Jacobs also reveals the global dimensions of the phenomenon: These practices undermined Indigenous families and their communities in Canada and Australia as well. Jacobs recounts both the trauma and resilience of Indigenous families as they struggled to reclaim the care of their children, leading to the ICWA in the United States and to national investigations, landmark apologies, and redress in Australia and Canada. 


Margaret D. Jacobs, Chancellor’s Professor of History at the University of Nebraska–Lincoln, is the author of the Bancroft Prize–winning White Mother to a Dark Race: Settler Colonialism, Maternalism, and the Removal of Indigenous Children in the American West and Australia, 1880–1940 (Nebraska, 2009) and Engendered Encounters: Feminism and Pueblo Cultures, 1879–1934 (Nebraska, 1999).

"[A Generation Removed is] a solid account that calls for "a full historical reckoning" of this devastating chapter in the treatment of Native Americans."—Kirkus

“Using compelling stories and weighty evidence, Jacobs has uncovered a modern and ongoing story of child-stealing in the United States. She lays out the shocking history of Native American adoption and the good liberal logic that enabled it in a page-turner of a book.”—Anne F. Hyde, Bancroft Prize–winning author of Empires, Nations, and Families: A History of the North American West, 1800–1860

“Jacobs brings deep scholarship to a topic of searing national and transnational importance. In a respectful, clear voice, she guides the reader on a journey into the most intimate corridors of settler colonialism. This is a complex and often heart-wrenching history that provides salutary lessons for the future.”—Ann McGrath, director of the Australian Centre for Indigenous History at Australian National University and coauthor of How to Write History That People Want to Read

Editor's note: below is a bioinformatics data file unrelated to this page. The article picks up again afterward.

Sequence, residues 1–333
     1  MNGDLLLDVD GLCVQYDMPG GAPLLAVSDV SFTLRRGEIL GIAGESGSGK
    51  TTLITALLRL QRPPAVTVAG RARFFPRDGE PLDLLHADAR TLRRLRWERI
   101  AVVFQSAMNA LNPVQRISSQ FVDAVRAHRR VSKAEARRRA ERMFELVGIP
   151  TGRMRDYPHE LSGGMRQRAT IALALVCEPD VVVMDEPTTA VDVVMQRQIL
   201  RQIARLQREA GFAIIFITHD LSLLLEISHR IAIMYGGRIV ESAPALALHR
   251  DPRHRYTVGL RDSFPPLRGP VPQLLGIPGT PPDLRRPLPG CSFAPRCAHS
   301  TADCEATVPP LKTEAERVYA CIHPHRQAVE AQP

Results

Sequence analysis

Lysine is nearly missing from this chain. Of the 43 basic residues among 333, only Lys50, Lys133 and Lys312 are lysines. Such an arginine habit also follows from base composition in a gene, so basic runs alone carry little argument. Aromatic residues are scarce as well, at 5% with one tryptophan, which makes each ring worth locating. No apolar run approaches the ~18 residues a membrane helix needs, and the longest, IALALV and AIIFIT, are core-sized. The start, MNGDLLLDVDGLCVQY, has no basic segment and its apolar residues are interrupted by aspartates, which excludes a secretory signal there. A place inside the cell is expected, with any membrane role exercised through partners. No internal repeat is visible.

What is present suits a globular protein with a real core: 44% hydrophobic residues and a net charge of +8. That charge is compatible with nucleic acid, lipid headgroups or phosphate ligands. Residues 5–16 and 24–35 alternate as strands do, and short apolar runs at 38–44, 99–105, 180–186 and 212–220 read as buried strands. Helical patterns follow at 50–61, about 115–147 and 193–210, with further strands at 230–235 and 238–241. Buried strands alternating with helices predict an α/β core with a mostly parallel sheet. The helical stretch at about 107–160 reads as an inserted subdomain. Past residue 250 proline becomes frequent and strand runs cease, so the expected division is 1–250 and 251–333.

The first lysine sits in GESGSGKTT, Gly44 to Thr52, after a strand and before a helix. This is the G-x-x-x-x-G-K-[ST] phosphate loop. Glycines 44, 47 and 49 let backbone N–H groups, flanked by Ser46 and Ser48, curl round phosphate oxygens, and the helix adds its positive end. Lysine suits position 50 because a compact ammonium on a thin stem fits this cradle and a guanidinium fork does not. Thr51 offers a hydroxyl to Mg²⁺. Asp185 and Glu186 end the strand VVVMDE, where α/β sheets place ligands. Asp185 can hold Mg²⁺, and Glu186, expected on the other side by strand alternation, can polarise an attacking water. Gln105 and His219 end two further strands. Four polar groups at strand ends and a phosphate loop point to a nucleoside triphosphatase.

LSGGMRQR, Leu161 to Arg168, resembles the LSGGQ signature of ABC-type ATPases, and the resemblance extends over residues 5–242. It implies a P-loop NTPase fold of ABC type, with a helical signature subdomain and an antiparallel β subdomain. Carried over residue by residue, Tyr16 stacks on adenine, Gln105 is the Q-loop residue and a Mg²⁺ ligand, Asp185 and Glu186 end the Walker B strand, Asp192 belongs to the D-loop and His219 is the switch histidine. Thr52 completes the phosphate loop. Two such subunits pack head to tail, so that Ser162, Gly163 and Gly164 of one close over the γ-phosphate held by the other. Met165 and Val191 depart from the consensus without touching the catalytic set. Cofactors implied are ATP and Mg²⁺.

“Margaret Jacobs once again demonstrates her genius for writing history that combines penetrating analysis with heart-wrenching stories. Beautifully written, deeply researched, this important and amazing book examines a subject largely unknown to the public at large but all too familiar to Indigenous peoples who have suffered the pain and indignity of child removal.”—David Wallace Adams, author of Education for Extinction: American Indians and the Boarding School Experience, 1875–1928

A Generation Removed will find a large and interested readership among researchers, university students (of all levels), as well as the broader community of people involved in adoption. This book is also clearly written and is sophisticated without being overly specialized or jargon-ridden. . . . An admirable book, compelling to read despite the tragic stories it recounts.”—Karen Dubinsky, author of Babies without Borders: Adoption and Migration across the Americas 


I will be posting a review here as soon as I finish it! Amazon has lots of good copies (new and used)...We have been waiting for this book, believe me - this brilliant academic has found the proof of genocide via adoption, Lyslo's work and so much more............ Trace/Lara

Lakota Law Project

ICWA headlines

ICWA headlines
click to read

ICWA

Congress enacted the ICWA to protect the best interests of Indian children and to prevent the erosion of tribal ties and cultural heritage by preserving future Indian generations. In enacting the ICWA, Congress declared that “it is the policy of this Nation to protect the best interests of Indian children and to promote the stability and security of Indian tribes and families by the establishment of minimum Federal standards for the removal of Indian children from their families and the placement of such children in foster or adoptive homes which will reflect the unique values of Indian culture…” (25 U.S.C. § 1902.)